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An Institutional Model of Turnout in Presidential Systems

Miguel Carreras
University of California, Riverside
Miguel Carreras
University of California, Riverside
Open Panel

Abstract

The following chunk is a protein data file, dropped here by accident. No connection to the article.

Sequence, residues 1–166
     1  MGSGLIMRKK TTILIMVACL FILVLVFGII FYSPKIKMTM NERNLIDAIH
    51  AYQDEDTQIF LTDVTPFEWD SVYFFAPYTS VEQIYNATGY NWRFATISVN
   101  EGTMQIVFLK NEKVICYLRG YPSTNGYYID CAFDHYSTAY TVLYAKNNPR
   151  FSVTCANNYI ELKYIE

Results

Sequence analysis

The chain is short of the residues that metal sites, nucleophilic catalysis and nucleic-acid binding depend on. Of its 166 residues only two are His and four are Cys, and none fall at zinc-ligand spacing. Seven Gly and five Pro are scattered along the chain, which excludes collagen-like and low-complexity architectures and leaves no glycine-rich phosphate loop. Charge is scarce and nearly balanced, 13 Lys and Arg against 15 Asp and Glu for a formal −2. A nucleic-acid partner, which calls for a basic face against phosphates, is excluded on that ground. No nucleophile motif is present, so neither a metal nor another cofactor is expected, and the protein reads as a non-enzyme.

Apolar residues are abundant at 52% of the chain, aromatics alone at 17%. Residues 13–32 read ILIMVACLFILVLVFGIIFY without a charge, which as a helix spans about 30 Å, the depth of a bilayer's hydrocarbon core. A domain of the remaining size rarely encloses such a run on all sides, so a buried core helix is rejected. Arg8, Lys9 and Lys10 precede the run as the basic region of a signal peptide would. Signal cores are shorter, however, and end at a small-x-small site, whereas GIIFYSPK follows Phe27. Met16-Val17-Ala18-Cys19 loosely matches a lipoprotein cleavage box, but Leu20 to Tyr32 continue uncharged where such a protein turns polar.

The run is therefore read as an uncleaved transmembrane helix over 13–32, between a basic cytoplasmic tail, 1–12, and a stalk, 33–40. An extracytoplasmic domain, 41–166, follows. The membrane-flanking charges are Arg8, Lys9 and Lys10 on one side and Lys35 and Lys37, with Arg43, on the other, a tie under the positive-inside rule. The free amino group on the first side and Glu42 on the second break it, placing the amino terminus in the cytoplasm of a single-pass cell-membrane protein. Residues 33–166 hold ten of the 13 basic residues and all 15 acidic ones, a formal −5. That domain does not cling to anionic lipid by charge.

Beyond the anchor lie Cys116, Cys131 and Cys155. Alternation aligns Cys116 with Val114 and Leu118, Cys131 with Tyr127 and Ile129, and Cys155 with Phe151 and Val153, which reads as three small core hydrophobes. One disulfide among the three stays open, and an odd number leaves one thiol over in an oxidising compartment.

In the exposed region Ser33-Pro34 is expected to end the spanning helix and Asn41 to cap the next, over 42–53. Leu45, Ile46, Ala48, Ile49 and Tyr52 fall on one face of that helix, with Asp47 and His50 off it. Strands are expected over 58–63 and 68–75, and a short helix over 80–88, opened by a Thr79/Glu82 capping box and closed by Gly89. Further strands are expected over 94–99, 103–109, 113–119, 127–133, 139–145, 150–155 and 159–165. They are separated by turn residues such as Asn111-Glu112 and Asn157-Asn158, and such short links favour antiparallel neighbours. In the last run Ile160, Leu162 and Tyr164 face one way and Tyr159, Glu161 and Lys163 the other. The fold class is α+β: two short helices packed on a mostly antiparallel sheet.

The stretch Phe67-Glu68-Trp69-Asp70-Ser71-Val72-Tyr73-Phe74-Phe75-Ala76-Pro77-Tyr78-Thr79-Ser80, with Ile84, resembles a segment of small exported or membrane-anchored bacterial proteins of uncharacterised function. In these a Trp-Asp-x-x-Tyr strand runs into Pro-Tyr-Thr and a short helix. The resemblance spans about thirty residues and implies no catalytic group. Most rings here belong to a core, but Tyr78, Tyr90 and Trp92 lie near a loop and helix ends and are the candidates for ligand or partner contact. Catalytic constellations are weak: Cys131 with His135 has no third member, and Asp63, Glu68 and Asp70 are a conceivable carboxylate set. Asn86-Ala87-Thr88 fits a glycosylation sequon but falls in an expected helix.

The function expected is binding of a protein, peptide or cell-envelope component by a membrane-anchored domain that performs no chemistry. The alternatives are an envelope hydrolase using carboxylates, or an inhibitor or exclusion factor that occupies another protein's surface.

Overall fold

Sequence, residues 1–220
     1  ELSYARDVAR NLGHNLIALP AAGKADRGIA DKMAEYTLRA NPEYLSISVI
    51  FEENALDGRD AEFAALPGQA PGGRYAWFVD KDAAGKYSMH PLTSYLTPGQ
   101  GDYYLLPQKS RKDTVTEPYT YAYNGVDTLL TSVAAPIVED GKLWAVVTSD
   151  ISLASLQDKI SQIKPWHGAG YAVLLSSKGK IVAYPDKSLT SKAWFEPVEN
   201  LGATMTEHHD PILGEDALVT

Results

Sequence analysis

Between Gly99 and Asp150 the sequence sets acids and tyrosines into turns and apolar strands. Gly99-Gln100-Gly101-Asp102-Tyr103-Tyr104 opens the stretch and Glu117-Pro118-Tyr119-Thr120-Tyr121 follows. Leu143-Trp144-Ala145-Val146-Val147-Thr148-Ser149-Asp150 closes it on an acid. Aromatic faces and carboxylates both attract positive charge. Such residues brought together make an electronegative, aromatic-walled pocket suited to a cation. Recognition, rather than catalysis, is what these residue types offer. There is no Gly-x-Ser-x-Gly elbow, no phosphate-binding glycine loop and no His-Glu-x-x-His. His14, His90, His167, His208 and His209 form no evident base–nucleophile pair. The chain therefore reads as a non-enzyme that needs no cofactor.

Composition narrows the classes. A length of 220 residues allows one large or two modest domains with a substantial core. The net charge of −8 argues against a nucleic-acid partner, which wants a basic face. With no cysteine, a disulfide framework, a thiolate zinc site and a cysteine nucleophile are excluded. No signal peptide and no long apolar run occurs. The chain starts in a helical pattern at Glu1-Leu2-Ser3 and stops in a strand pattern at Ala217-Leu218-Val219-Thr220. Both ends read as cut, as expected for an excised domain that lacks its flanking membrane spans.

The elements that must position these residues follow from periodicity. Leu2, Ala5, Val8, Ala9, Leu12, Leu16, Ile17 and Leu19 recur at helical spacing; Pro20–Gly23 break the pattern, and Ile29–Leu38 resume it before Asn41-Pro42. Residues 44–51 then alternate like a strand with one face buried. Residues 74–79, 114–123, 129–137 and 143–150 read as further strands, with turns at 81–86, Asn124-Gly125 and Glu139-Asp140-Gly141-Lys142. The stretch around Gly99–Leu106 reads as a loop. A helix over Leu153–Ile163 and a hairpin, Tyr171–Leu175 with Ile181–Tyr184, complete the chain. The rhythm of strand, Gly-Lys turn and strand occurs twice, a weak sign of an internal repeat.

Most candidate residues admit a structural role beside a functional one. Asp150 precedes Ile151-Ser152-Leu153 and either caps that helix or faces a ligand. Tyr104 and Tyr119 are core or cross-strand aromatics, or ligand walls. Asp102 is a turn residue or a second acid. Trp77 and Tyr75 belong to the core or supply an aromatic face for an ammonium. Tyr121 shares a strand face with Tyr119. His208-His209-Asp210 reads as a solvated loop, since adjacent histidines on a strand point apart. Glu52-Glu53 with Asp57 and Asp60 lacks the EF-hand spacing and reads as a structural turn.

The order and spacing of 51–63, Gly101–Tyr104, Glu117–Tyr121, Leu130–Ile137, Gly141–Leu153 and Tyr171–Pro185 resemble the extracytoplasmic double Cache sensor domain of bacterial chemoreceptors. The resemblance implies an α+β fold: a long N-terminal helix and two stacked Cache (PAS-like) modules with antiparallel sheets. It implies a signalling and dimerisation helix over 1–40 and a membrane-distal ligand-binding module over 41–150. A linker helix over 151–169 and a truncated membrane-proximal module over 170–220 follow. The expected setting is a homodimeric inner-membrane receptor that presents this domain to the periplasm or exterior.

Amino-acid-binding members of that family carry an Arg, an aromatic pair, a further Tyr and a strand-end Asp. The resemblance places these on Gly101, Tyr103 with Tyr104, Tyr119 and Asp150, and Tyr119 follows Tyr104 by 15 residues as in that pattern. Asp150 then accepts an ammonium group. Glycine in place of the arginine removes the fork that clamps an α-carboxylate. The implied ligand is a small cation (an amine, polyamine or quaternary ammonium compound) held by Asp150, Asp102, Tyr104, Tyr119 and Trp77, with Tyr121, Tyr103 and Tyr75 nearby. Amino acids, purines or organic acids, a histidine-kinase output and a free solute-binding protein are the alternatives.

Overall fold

The existing institutional models of turnout provide adequate explanations of electoral participation in legislative elections. They focus on a series of factors (e.g. disproportionality in the translation of votes into legislative seats, number of parties in the legislature, district magnitude, and unicameralism) that have an impact on turnout in legislative elections. This model has been very useful to explain the cross-national variation in turnout in parliamentary systems. However, this model has provided mixed and inconsistent results when applied to presidential systems. I contend in this paper that a different institutional model of turnout is more appropriate to explain turnout in presidential elections. I argue that five factors (effective powers of the president, electoral cycle –concurrent versus non-concurrent elections–, electoral rules –runoff versus plurality–, the effective number of presidential candidates, and compulsory voting) have an impact on electoral turnout in presidential elections. I test this new model with data from all presidential systems in the period 1980-2010 and find strong support for my hypotheses.